Live in Glasgow, 13 July 1998

22 years ago: a rare Glasgow performance by Richard Youngs and me, put on by the inestimable Liam Stefani as one of his Scatter nights at the legendary 13th Note.

Richard and I performed a bowed bass guitar duo. Also on the bill that night was remarkable saxophonist Tony Bevan. We were lucky to have the opportunity to play a trio with him: bowed bass guitars and Tony’s subterranean bass saxophone.

Both the duo and trio performances are here to download for free/pay what you like on Liam Stefani’s Scatter Archive.

茶 A Quiet Song

A Quiet Song is a new release I’ve been working on for a few months, and which is now available. Call it an isolation hymn; a paean to inwardness and reflection; a song of songs without words.

Sing—quietly—with me to the birds of this strange summer, in ceremony not in cerements.

You can listen to and buy the album here.


Released today, Distants is a collection of compilation tracks, online pieces (self-released and released by others) and some other oddities. There’s one very short unreleased track, which comes from the same sessions as Suburban Electrification.

There are 28 pieces across more than 120 minutes, and there’s a lot of variety in tone and texturesomething for everyone, perhaps? I’ve set the release as “pay what you like” so you can download for free if you wish. If you do want to pay something for it, today (Friday 5 June) is one of the days when Bandcamp is waiving its fees so today would be the perfect opportunity for a purchase! (And all other releases are set the same way, too, in case there’s anything you’re missing…)

You can find Distants here.

Thanks to you all for listening and I hope you are able to stay safe and well.

Psammomancy booklet & CD


Fine sand is poured from a pouch,
trickled onto a tray or table,
fingertips are used to find figures,
tracing, erasing, effacing, shaping . . .

The mysterious art of sand reading explored in text by Mark Valentine and music by Brian Lavelle, with black and white photography by Jo Valentine.


This collaborative project is published in February 2018 by Seacliff Press, a small press Mark and I have established. There’s a Twitter account here for occasional news items.

Professionally printed 16 page booklet with professionally duplicated CD. Limited to 120 numbered copies, of which 100 only are for sale.

Psammomancy is available from Mark direct: contact markl [dot] valentine [at] btinternet [dot] com, removing spaces and replacing the words in brackets with characters.
(Note, the fifth character is the letter ell not the number one.)


The fruits of friendship

Space Weather album cover
I’ve been listening to the Weather tonight, and for a large part of this week in fact.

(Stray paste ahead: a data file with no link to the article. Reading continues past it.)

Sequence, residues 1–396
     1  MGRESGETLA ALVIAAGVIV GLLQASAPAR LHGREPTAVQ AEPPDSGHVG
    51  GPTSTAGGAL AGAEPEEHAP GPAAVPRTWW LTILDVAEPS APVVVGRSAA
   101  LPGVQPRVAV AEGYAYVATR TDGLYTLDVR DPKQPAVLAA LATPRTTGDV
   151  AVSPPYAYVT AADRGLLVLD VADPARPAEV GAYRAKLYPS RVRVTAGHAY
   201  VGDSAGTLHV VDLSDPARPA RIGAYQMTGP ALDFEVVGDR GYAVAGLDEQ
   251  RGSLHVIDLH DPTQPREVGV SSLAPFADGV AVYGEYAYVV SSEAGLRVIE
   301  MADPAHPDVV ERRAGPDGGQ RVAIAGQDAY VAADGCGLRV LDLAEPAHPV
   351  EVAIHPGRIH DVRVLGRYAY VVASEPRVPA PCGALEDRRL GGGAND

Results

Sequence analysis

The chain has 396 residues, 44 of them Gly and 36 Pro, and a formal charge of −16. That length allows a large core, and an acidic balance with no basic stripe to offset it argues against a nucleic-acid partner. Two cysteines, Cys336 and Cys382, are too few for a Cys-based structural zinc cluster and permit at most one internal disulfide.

By that I mean I’ve been listening to the fruits of the Space Weather recording session last Saturday in Glasgow. The line-up was as it is now and ever shall be, amen: Alistair Crosbie (electric guitar), me (synthesizer) and Andrew Paine (electric bass guitar).

It was another excellent session, full of laughter and joyous camaraderie, and it makes me think that for all we strive to do our solo recordings on our own to the best of our abilities, there is nothing like playing good music with good friends. I begin to see why certain people hate all the faff of studio work and live to play live together, whether that’s in front of an audience or not. There are some moments and extended passages of real beauty in what we did at the weekend, and that’s down to the three of us doing more or less with what we have in front of us.

There were pieces from the session which were just beautiful: understated and contemplative, but slowly burning with that strange SW magic that infects the first album we’ve already done (the cover is image at the top of this post).

There are also moments of pure wonderment at how these tracks come across in their recorded form, when compared to how I remember us playing them. Did we actually do this? It seems hard to believe. But the actuality of the smiles on our faces as we played them, and the memory of those smiles now, are the greater rewards in all of this.

One of the pieces essayed on Saturday was a long floating instrumental, which reminds me quite a bit of the work of a US group called Alien Planetscapes, who were stalwarts of the 80s home taper scene. They worked in a few experimental styles, but this kind of eerie space rock, with brilliant free floating bass (courtesy of Mr. P), was the kind of thing they did best I think.

One more session like last Saturday’s and we will have a second album to contend with before the first is even out. It makes you think…